I recently went back to the forums of Holly Lisle’s online Novel
I recently went back to the forums of Holly Lisle’s online Novel
Yesterday I finished the final draft of The
OK, before we get going, yes I know that sub-genres are artificial and that you shouldn’t try to shoehorn your work into one of them, but once you have a book – or three – written, and you start to look at what market you’re going to be aiming at, it can be helpful to have a label so that everyone knows what you’re talking about. Except – are they really talking about the same thing?
The discussion that sparked this was about the ideal length for a debut epic fantasy, which varies from agent to agent, but certainly somewhere in the 100-150k ballpark as a rule. For other kinds of fantasy, as well as SF, the suggested length is more like 90-120k.
The thing is, what do agents mean by “epic fantasy”? I suspect that for some in the business it’s a synonym for secondary world fantasy, or indeed anything that isn’t very clearly either steampunk or urban fantasy. Because it’s like Tolkien and George R R Martin, right? And in one respect they’re right – all non-contemporary fantasy has broadly the same audience, and it’s distinct from (though it may sometimes overlap with) urban fantasy/paranormal romance.
The thing is, a lot of the secondary-world fantasy that I read isn’t what I’d call epic. There are no continent-spanning wars or treks through sweeping landscapes, no wide-eyed young heroes venturing out of their comfy hobbit-holes and being swept along on An Adventure. Typically they’re based in one city (just like urban fantasy), with a cast of characters who are far from innocent: thieves, spies, assassins and the like. You know, those Hooded Men who’ve been gracing the covers of our favourite books for the past decade…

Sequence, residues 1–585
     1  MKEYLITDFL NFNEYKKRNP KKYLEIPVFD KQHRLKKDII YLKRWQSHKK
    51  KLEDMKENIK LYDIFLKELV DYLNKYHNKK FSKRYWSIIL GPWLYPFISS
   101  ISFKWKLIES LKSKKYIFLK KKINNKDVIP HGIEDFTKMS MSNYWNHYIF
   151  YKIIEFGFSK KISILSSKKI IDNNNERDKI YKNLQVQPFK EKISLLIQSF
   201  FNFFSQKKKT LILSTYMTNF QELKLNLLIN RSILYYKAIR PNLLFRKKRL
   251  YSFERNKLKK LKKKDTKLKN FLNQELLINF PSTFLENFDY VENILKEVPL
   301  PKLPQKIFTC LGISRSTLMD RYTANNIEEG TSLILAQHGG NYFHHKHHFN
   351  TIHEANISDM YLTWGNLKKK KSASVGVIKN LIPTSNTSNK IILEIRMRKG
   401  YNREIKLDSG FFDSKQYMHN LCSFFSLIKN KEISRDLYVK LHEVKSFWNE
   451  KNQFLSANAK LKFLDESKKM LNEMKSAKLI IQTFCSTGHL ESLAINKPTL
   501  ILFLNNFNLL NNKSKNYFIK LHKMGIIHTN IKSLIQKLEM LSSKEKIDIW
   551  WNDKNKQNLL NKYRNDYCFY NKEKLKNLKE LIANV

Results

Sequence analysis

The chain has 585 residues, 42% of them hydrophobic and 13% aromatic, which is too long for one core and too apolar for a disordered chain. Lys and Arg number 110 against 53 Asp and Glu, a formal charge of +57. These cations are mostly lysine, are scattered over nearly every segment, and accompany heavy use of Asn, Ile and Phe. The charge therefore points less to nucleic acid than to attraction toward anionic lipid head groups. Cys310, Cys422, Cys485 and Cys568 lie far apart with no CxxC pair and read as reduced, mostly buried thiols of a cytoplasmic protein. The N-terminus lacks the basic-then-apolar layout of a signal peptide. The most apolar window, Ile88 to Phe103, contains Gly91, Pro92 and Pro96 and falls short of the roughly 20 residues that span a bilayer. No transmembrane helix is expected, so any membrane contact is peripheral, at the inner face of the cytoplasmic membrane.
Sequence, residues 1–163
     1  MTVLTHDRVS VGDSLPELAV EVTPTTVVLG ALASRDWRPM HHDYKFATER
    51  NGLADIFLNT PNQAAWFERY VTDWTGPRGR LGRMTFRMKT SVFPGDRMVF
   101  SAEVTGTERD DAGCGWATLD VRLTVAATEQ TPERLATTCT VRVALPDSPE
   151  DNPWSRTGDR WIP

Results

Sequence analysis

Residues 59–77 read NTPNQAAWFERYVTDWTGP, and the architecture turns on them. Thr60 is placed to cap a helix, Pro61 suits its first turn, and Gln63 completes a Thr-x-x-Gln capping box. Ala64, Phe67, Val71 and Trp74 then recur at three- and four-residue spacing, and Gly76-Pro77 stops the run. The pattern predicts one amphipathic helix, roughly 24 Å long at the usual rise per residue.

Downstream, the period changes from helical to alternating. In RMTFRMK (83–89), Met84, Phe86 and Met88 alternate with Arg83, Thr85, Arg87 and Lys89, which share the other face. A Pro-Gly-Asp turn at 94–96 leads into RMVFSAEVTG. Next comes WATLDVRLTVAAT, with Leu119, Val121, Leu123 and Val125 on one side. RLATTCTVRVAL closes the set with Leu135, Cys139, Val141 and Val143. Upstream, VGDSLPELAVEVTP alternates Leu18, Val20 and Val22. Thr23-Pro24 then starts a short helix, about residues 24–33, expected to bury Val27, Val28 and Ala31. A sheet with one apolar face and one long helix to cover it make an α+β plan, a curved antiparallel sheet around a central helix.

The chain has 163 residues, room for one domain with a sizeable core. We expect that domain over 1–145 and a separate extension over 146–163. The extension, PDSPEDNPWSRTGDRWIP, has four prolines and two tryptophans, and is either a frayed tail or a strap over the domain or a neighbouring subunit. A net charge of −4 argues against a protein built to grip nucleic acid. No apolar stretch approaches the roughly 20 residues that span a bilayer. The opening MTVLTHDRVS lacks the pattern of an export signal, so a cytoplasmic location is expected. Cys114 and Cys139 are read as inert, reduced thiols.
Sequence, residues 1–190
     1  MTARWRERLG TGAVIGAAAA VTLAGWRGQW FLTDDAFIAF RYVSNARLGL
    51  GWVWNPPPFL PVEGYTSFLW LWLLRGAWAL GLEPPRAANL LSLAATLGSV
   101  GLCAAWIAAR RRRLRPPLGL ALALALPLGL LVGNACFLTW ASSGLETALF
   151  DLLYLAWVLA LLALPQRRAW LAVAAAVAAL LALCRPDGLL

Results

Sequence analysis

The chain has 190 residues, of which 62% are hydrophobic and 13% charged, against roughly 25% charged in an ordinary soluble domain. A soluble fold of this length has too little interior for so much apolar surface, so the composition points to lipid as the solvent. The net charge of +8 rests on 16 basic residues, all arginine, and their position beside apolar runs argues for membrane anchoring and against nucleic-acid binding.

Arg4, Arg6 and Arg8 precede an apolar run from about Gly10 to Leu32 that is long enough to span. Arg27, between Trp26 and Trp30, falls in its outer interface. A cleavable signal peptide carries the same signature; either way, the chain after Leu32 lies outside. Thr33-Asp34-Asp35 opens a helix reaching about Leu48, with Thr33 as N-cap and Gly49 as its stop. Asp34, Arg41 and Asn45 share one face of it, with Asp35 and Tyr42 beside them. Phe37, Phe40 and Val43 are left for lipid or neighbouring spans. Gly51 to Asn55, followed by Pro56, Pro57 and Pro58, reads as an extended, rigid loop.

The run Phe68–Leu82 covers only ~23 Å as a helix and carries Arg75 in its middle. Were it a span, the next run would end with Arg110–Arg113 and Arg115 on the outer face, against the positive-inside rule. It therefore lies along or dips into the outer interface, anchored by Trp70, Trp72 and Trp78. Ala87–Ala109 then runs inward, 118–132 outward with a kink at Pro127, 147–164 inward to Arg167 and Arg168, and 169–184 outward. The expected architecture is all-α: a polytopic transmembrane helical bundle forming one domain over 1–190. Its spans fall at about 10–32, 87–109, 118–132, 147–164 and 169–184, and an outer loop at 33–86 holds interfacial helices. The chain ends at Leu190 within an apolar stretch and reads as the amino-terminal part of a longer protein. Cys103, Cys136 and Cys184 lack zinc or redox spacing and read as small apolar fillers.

(As an aside, if you google “hooded man” images, the cover art for The Alchemist of Souls comes up quite high in the results. Which is ironic, since there’s not a hood in sight!)
This sub-genre used to be known as swords’n’sorcery, and it was typified by Fritz Leiber’s Lankhmar stories. Lots of swashbuckling swordplay, but also lots of monsters and evil wizards and the like. The thing is, modern-day S&S is typically quite low in magic and often the characters are all human, so the label doesn’t really fit any more. Nor does the newer label “grimdark” really help, as it’s a tone, not a subgenre as such. Both GRRM and Joe Abercrombie have been described as writing grimdark, but their books are also epic fantasy.
I raised this on Twitter, suggesting “cloak’n’dagger” as an alternative. I got some great (not always serious) alternative suggestions: